Editorial: We don't need the Clean Power Plan


President Trump is ready to make good on a promise he made to Texas - and to American consumers - in repealing the Obama administration’s misguided Clean Power Plan.

“The U.S. Environmental Protection Agency will propose repealing the Clean Power Plan - the Obama administration’s centerpiece regulation to fight climate change - and plans to solicit input on a rule to replace it, according to an EPA document seen by Reuters,” that news agency reports. “The decision marks the agency’s first formal step to sweep away the rule intended to cut carbon emissions from power plants, after President Donald Trump signed an executive order in March launching the EPA’s review.”

It’s a good first step.

“The Clean Power Plan, or CPP, was challenged in court by 27 states after Obama’s administration launched it in 2015,” Reuters explains. “It is currently suspended by the D.C. Circuit Court of Appeals, which set a deadline of Friday for a status report from the EPA on how it plans to proceed. The EPA document, distributed to members of the agency’s Regulatory Steering Committee, said the EPA ‘is issuing a proposal to repeal the rule.’ The agency now intends to issue what it calls an Advanced Notice of Proposed Rulemaking to solicit input as it considers ‘developing a rule similarly intended to reduce CO2 emissions from existing fossil fuel electric utility generating units.’”

Already, many Democrats are condemning the move. But they’re wrong.

Here’s an analogy: Your doctor says you need to lose weight. So you exercise regularly, eat healthier meals and limit your snacks. The doctor is pleased with your unexpected progress, and notes that you’re well on your way to reaching your target weight all by yourself.

Does it makes sense, at that point, for your doctor to put you on a rigid fad diet?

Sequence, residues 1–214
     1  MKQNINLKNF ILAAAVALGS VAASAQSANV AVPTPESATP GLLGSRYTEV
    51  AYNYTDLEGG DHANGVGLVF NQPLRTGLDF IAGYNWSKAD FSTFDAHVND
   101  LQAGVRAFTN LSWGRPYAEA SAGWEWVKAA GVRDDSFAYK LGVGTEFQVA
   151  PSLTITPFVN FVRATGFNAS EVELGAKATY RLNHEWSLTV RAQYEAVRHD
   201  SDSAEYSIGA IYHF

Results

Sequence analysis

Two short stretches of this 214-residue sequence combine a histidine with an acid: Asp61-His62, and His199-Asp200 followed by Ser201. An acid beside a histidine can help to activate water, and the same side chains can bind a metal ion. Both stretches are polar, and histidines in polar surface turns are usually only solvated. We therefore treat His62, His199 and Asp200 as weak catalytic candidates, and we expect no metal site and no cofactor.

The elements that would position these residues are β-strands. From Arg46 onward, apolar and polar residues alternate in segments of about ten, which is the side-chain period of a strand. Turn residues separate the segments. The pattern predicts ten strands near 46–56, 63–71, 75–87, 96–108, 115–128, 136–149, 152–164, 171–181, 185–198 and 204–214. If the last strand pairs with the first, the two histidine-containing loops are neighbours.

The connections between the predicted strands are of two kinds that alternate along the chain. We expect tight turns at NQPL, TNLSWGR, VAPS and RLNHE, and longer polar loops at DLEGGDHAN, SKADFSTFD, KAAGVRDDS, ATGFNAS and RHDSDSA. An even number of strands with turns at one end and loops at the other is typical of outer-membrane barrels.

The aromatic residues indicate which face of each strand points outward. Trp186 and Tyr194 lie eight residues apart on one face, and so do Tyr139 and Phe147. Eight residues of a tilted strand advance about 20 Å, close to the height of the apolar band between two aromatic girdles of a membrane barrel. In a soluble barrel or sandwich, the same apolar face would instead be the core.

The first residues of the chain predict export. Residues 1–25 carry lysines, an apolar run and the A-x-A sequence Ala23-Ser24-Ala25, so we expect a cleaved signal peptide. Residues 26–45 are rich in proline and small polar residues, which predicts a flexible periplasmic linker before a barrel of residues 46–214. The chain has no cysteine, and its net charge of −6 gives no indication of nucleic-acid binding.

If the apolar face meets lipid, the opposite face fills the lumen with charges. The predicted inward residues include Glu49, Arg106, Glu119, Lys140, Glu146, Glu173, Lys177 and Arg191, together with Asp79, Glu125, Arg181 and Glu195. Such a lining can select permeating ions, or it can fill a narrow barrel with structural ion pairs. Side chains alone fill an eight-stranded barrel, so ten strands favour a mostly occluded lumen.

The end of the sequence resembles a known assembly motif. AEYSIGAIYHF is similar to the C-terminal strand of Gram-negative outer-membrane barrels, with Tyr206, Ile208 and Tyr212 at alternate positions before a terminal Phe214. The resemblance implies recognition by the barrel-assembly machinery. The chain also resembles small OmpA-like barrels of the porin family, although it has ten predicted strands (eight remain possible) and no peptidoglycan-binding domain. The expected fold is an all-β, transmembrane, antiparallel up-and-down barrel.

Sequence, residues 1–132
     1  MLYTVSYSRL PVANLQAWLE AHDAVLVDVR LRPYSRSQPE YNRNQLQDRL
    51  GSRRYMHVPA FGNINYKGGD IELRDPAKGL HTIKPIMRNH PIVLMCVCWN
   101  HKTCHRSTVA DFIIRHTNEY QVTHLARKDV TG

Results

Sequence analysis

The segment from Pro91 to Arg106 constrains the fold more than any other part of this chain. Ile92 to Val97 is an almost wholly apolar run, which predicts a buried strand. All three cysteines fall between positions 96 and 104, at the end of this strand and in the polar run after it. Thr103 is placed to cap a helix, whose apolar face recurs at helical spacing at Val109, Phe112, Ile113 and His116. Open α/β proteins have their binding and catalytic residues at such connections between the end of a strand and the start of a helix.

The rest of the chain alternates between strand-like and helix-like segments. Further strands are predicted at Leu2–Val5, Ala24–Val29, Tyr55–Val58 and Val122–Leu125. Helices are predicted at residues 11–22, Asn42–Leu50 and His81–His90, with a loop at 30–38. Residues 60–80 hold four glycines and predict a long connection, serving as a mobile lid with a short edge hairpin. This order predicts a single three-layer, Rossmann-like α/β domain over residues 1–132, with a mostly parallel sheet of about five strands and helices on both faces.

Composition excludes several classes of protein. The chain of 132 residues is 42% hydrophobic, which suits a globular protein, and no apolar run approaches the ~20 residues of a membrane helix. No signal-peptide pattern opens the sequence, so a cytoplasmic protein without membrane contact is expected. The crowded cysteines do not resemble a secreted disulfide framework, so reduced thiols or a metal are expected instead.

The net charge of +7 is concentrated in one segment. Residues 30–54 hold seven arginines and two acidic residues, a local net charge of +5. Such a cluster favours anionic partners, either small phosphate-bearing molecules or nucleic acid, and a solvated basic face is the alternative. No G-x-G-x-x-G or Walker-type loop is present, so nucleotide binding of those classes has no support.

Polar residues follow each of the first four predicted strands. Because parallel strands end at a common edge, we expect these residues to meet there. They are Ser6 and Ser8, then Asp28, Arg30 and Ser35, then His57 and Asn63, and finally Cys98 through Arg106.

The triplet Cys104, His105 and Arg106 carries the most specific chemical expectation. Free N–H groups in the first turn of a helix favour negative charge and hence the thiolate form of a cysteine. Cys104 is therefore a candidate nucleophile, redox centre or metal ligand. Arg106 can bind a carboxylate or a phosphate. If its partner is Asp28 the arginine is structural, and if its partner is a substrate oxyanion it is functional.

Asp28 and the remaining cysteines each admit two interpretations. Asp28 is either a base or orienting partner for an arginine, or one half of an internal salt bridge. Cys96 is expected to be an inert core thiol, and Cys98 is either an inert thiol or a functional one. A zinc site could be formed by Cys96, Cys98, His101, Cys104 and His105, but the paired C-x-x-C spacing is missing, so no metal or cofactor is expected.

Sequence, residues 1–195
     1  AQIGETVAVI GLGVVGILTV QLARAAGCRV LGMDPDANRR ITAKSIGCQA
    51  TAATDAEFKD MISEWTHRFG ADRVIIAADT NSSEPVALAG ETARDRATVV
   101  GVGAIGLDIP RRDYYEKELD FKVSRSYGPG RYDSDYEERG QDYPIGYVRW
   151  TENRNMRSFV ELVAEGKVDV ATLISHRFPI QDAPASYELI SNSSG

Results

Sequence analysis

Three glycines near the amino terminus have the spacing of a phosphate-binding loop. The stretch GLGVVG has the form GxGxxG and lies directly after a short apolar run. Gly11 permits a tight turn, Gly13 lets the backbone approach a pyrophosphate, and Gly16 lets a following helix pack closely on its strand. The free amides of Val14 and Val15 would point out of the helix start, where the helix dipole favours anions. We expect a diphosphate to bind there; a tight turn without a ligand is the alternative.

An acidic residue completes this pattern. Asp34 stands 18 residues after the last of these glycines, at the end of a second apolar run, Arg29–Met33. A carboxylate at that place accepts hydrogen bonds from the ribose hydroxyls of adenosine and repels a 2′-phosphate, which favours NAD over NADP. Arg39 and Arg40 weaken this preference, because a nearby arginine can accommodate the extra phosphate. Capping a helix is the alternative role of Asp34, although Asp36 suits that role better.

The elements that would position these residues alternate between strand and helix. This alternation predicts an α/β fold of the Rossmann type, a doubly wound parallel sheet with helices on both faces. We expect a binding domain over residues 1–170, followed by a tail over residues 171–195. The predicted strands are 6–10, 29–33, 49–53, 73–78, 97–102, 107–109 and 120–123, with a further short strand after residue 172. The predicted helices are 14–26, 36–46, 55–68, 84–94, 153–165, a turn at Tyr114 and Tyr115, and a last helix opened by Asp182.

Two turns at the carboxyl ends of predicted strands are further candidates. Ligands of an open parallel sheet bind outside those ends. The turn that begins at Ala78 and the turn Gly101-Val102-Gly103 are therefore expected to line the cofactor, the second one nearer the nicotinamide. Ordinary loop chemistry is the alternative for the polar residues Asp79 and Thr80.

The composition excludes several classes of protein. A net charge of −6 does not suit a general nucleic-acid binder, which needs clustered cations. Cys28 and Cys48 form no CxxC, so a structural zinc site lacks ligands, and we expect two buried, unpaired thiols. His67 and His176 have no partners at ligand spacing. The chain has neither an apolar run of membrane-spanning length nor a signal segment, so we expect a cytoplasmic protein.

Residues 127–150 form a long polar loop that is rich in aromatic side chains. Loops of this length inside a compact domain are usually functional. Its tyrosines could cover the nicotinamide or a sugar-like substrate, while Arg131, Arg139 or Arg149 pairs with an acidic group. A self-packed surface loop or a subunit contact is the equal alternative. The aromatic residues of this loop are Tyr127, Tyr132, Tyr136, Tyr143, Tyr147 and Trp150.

Of course not. But that’s what s happening with the EPA and the Clean Power Plan. The fact is, we’re already making great progress toward the CPP s targets without the economy-crushing mandates of the EPA.

“The United States is racing toward achieving the goals of the Clean Power Plan (CPP), even as the death of Supreme Court Justice Antonin Scalia raises the prospect of a deadlocked Supreme Court ruling, reported The Hill last year. “Achieving CPP carbon-dioxide emissions targets 14 years ahead of schedule is now likely thanks to a remarkable confluence of energy efficiency and renewable energy technologies each achieving affordability after decades of developments.”

In other words, we don’t need the fad diet the exercise and sensible eating habits are working fine.

In this analogy, exercise is the energy efficiency we’re achieving thanks to technology, and the sensible eating is the natural gas we’re using more and more to generate electricity.

Technologies from LED lights to electric cars to heat pumps are leaping past their less-efficient successors and are poised for mass adoption, The Hill explains.

At the same time, market forces are pushing power companies toward using more natural gas, which happens to burn cleaner than coal.

Draconian rules, where none are needed, serve no purpose.


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